Apple Mobile Platform May Turn Out as “New Windows” Due to Microsoft’ Late Arrival to Tablet Game

Apple’s Platforms Could Finally Compete with Windows Head-to-Head - Analyst

by Anton Shilov
11/21/2012 | 01:50 PM

 

 

Although Microsoft Corp. was one of the first companies who paid attention to tablets, it was Apple, which popularized media tablets and created a new industry with over a hundred of millions of units sold annually. In fact, since Microsoft arrived late to the slate market with competitive offerings, Apple’s platforms may become much more viable competitors to Windows than they are today.

Since Apple’s iOS is still popular on the market of smartphones, remains the top operating system on smartphones, whereas notebooks with Mac OS are gaining popularity particularly in the U.S., Apple may become a formidable mobile platform holder going forward, according to UBS Securities’s hardware analyst Steve Milunovich. The market observer believes that as tablets are going to outsell notebooks in the coming years, whereas MacBook notebooks are stealing market share away from PCs with Windows, the importance of Apple will increase dramatically in the future.

“Windows tablets are late to the game – notebook vendors endured two years of cannibalization by iOS and Android tablets. Apple’s increasing influence in the post-PC era bodes well for its standing in the next leg of tablet growth. Its iOS and OS X operating systems may become the dominant mobile personal computing ecosystem, eclipsing Windows-based notebooks and tablets,” wrote Mr. Milunovich in a note to clients, reports Tech Trader Daily blog.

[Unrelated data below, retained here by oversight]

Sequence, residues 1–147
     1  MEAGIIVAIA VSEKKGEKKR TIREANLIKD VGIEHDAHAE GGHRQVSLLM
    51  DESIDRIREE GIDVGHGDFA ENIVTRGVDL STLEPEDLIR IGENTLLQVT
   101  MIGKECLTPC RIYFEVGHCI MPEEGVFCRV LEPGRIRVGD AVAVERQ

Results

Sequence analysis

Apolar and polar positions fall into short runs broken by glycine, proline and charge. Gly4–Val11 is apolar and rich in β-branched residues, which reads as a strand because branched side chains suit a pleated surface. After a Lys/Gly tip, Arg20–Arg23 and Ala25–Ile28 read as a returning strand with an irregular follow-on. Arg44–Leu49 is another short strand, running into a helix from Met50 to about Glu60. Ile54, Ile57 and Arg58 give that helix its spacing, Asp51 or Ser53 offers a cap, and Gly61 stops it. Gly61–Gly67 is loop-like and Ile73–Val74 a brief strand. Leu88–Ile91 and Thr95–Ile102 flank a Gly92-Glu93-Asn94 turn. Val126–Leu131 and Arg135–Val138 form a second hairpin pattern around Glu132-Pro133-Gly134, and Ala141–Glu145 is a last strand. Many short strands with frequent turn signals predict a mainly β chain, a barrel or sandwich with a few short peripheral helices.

Numerous market analysts these days compare sales of Apple’s MacBooks + iPads to sales of other PC makers’ notebooks and tablets and draw conclusions that the market share of Apple on the mobile PC market in general is increasing rapidly. Such approach is hardly correct as tablets and laptops are used for different purposes and a lot of work is still done on PCs. However, this does not mean that the importance of Apple ecosystem cannot grow considerably in the light of lackluster welcome of Windows 8 and better integration of Apple devices into personal ecosystems.

“One benefit of the rising Apple brand could be a meaningful switch of Windows PC users to Macs. We hear that in enterprises that are giving employees a choice of PC, more than expected are shifting to Mac. In the consumer market, we expect to Apple to gain share as the younger generation has grown up on Apples at school. Pretty soon it could be that the ‘rebels’ will be the Windows users rather than the Mac users,” added Mr. Milunovich.